“Us” and “them” – the politics of polarization
Job seekers and opportunists in both political parties have used the above labels to continue dividing the nation. They fail to realize that absent the rhetoric, we are all the same people, and that our differences in language, culture, politics, and location may be due to accidents of birth. All human beings have comfort zones, and exercise favoritism even among their own children. This is why “many people surround themselves with people who agree with them, think like them, and support them.” While, it is within our rights to question the actions of our president in his choice of employees, we should also realize that he alone is mandated by the constitution to assemble an administrative team that he perceives as best to govern the nation. We may disagree with his choices, but should remember that not all disagreements are resolved to our liking. We win some arguments, and we lose some. Further, while we cannot win all our disagreements with the government, at least, we can make our points known without being deliberately obnoxious. The nation is polarized and ill served when opponents and proponents of administration policies employ loaded terms such as “northernisation,” and “Southernisation,” or “enemy tribes,” to describe government actions be they APC or SLPP. Perhaps it is time to debate the matter. (Photo: Hassan Sisay, author)
At issue is the question, should presidents of Sierra Leone be required to include in their administrations members of the opposing political parties? The problem is compounded by the fact that our political parties are mostly divided along ethnic and regional lines. The ruling APC party generates most of its support from the Northern and western areas, while the Southeast is dominated by the current opposition SLPP. There are pros and cons to this matter, and each side is passionate about the validity of its viewpoint.
Proponents of regional distribution of government jobs accuse president Ernest Bai Koroma of giving top government positions to folks who like him were born and raised in the North, and belong to the ruling APC party. They argue that for the sake of UNITY, the president should also give high profile jobs to opposition members. The same group maintains that when the current opposition (SLPP) was in power, it too extended jobs to the then APC opposition members. Besides, it asserts that because there is a dearth of experts in our country, it is important to utilize the expertise of the few that we have without resorting to wholesale exclusion of individuals on the basis of ethnicity or political considerations. Proponents have also maintained that due to the considerable ethnic tensions emanating from our prolonged civil war, providing jobs to all ethnic groups regardless of political and ethnic affiliations would help bind the nation’s wounds, and advance the healing process.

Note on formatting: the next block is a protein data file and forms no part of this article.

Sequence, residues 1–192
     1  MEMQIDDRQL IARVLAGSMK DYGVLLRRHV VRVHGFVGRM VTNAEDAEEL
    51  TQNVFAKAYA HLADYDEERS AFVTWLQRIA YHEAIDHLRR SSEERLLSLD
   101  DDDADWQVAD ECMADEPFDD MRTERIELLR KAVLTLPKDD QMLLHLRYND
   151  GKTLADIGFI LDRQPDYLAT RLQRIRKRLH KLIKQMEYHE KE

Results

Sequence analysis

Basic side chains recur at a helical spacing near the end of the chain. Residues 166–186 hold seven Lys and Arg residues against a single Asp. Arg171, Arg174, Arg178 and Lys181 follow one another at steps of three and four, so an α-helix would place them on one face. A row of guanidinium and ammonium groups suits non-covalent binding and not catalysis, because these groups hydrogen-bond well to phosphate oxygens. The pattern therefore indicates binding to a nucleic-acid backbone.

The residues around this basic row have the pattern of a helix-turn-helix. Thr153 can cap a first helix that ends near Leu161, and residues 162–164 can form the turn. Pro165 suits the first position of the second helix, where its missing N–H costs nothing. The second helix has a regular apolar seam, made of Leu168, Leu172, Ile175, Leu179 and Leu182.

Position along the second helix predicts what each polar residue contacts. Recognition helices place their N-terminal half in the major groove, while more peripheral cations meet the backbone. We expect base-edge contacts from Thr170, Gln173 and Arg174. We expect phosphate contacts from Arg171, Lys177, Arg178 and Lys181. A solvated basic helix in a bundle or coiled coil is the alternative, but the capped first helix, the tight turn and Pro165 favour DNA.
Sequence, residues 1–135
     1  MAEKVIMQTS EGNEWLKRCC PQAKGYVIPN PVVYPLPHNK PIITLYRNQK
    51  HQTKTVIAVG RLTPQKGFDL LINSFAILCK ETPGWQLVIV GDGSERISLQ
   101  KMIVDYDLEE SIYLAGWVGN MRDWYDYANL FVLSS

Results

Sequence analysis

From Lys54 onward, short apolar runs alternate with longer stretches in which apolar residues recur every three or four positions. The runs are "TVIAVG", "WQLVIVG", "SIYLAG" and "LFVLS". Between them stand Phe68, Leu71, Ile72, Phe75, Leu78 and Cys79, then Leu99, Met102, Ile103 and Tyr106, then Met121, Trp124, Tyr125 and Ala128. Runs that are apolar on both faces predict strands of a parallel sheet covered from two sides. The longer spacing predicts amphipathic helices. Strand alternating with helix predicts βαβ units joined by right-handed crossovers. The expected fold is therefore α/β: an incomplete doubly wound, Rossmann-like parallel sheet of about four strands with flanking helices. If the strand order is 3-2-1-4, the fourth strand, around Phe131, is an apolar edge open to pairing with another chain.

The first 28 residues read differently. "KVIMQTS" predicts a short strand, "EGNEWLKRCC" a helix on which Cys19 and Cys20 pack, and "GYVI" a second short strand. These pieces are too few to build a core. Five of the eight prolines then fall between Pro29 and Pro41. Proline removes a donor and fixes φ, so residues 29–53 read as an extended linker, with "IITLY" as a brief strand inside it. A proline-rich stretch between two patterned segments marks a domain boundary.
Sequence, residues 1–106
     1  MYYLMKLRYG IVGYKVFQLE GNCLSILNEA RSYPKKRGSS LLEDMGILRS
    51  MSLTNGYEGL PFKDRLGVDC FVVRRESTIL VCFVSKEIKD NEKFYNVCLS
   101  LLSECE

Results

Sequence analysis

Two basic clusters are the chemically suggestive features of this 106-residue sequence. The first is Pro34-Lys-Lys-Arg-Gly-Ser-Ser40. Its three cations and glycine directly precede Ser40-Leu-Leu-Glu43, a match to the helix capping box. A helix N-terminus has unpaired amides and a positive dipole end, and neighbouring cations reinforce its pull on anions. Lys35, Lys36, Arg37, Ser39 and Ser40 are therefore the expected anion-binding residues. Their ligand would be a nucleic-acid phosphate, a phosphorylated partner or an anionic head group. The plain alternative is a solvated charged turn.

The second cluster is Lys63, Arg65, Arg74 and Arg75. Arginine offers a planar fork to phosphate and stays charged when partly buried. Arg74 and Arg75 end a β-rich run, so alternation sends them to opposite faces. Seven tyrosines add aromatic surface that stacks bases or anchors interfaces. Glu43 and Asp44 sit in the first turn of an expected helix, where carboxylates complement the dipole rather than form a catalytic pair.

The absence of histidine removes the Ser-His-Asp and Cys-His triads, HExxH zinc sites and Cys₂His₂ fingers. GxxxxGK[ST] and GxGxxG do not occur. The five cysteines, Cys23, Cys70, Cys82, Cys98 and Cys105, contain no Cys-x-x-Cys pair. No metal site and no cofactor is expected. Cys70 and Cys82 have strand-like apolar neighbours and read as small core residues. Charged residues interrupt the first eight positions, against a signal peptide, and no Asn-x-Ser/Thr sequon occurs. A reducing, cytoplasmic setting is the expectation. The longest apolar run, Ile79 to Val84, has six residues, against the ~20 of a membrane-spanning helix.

Opponents disagree. They maintain that elections have consequences, and that worldwide, leaders of victorious political parties usually give the best government jobs to their supporters. They also claim that what proponents are advocating amounts to power sharing, which is bad for the country because it dilutes the effectiveness of the opposition parties, and may cause the government not to take responsibility for its actions. Besides, they also maintain that power sharing is often the sliding slope to the establishment of a one party government and eventually a dictatorship. On the claim by proponents that when the the SLPP was in power it extended jobs to APC members, opponents responded that such an action was purely voluntary, and must not be construed as a permanent power sharing formula for future governments. Further, opponents have argued that regional balance in job distribution is not mandated by our constitution. On the contrary, it has always been relegated to the president’s discretion. That the president alone decides whether or not to provide jobs to members of the opposition parties; and that no one has automatic rights to such employment possibilities. Accordingly, opponents have called upon the opposition parties, particularly SLPP members, to concentrate more on suggesting positive alternatives to government proposals, rather than spending valuable time trying to be part of the very government whose activities they are supposed to thoroughly scrutinize. Besides, power sharing has an inherent problem of logistics and confidentiality. Opponents cite the potential difficulties of keeping government secrets and formulating political party strategies if both the opposition and government supporters work in the same administration. They claim that this would be problematic to any government, and might pose major conflict of interests issues for employees.
Giving a president options in assembling his/her administrative team is a viable strategy. Of course, it might be helpful if a president on his own initiative decides to also broaden or diversify his administration by hiring some opposition members, but such actions would only be meaningful if the decision was reached without undue pressure. Of paramount concern is the prevailing observation that many of the current advocates for job distribution are the predator elites, who are notoriously corrupt, self-serving, and not necessarily seeking the best interests of the nation. An Administration should be judged not on the number of opposition members it has employed, but on the effectiveness of its policies and programs. Come 2012, if the electorate chooses to change course, so be it. Otherwise, giving the president options is good for multi-party development and the evolution of democracy.
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